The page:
Wednesday, October 2, 2013

Nehemiah 8:1-9:38


It seems that there is some debate in scholarly circles as to whether Ezra and Nehemiah were contemporaries. Nehemiah 8:9 is the only place where the two men are named together and there is a grammatical problem in that verse. The verb is singular. It may be that Nehemiah's name was dropped in by a redactor. If Ezra and Nehemiah were not contemporaneous then the chronology of the narrative is mixed up.

Anyway, in Nehemiah 8, Ezra the priest makes his reappearance. With the help of some Levites, he reads the book of the Law to the people of Judea. The scene is highly reminiscent of 2 Chronicles 24:39 ff. where King Josiah did the same thing. Josiah's book of the Law was probably an early version of Deuteronomy. Ezra's is likely much larger. Lutheran Study Bible suggests that it was an early form of the entire Torah. That would have been a lot of reading.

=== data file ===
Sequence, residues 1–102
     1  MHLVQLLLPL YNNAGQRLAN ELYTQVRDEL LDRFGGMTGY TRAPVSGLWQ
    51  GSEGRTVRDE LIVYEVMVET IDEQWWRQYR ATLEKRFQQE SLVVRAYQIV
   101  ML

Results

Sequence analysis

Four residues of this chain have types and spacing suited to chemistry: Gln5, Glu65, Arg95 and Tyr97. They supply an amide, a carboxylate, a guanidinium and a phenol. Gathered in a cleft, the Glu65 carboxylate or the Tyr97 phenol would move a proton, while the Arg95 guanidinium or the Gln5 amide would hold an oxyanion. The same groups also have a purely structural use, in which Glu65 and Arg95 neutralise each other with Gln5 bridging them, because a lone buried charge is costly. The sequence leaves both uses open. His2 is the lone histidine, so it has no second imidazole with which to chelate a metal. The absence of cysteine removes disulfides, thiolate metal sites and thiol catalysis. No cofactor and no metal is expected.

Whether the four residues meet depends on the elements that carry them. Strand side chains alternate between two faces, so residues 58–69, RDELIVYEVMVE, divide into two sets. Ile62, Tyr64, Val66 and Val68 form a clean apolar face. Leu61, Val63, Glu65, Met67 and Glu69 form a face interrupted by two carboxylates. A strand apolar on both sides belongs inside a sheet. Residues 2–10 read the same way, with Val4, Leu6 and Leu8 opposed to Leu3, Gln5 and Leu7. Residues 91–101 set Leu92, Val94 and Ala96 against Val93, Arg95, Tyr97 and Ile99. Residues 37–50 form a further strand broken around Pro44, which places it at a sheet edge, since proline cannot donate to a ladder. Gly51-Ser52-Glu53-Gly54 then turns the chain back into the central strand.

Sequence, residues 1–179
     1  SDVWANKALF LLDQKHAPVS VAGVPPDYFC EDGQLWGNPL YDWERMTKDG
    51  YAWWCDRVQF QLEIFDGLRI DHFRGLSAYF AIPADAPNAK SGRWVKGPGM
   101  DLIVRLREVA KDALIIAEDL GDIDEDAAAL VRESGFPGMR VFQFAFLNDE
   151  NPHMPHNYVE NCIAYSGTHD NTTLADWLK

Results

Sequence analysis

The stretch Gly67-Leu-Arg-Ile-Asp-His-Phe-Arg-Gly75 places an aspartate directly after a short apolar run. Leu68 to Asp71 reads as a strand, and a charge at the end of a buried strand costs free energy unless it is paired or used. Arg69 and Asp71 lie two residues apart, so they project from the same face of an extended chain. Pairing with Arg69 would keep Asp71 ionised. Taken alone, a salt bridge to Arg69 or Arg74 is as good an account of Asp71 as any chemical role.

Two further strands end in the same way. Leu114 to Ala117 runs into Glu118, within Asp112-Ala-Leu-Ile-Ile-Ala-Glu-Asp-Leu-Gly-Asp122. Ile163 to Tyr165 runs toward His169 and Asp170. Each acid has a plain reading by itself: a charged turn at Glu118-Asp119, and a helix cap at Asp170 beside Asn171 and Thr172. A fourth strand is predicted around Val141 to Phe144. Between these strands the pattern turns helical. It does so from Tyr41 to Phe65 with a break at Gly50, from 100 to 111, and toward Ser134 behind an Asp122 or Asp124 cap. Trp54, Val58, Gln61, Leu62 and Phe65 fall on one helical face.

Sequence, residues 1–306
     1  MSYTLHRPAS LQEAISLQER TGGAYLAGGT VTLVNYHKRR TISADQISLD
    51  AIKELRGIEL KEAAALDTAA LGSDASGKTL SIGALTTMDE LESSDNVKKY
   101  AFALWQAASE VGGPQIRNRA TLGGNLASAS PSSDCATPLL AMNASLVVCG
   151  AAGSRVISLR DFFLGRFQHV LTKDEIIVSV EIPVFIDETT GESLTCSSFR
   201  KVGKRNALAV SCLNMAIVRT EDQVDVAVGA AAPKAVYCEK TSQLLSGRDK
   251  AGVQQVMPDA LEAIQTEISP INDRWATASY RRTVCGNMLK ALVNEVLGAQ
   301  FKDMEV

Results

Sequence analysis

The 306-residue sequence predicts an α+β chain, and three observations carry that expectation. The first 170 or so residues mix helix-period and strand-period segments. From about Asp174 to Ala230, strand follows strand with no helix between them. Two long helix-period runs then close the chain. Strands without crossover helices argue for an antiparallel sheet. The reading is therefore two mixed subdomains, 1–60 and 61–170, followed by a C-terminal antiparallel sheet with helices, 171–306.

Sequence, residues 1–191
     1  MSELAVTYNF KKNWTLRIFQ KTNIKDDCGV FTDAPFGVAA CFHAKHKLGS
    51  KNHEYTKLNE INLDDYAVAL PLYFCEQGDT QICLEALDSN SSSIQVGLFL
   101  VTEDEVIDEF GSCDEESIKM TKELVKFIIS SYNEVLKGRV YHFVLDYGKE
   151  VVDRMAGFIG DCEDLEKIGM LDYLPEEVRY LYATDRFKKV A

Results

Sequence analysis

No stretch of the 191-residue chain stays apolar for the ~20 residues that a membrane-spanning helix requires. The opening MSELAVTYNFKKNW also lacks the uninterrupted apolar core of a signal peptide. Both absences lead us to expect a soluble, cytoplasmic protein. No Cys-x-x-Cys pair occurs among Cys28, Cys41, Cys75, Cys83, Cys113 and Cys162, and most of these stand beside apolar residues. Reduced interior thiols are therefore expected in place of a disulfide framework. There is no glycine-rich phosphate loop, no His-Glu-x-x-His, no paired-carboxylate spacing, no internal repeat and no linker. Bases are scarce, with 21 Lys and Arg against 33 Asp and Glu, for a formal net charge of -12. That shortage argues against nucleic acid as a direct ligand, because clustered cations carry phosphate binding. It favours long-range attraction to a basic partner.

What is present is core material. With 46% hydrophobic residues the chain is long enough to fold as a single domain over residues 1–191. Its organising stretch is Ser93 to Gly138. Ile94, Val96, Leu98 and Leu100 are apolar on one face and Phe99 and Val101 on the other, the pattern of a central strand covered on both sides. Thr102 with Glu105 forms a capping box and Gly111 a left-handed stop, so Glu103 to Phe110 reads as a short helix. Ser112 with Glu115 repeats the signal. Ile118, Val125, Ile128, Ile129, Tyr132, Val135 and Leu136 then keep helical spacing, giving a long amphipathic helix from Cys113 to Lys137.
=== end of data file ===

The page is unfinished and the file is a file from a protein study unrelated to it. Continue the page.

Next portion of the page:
It appears that Ezra read and the Levites interpreted, maybe translating from Hebrew to Aramaic, maybe explaining the meaning of the text.

While I think I'd have been bored to tears (Hey, I was raised on television) Ezra's audience is moved to tears of penance.The Levites comfort them and tell them to celebrate, eating, drinking, and sending gifts to the poor.

Next they celebrate the festival of Succoth (Booths). This celebration is unique since the time of Joshua, but just how differed from earlier celebrations is an open question. The text seems to suggest that there had been no celebration of Succoth since Joshua's time, but Judges 21:9, 1 Samuel 1:3, and Ezra 3:4 say otherwise.

Chapter 9 picks up two days after the Succoth celebration and tells of a national day of penance. Either Ezra (according to the Septuagint) or the Levites (in the Masoretic text) pray at some length recounting the history of Israel from Abraham through the Exodus, the settlement of Canaan, the exile, and right up to the narrative present: the resettlement. The prayer complains of Israel's current circumstances. They are "slaves" once more, at least in the sense of being vassals to Assyria.

And then they (who they are is specified in the next chapter) make a written covenant.

Next: Nehemiah 10-11

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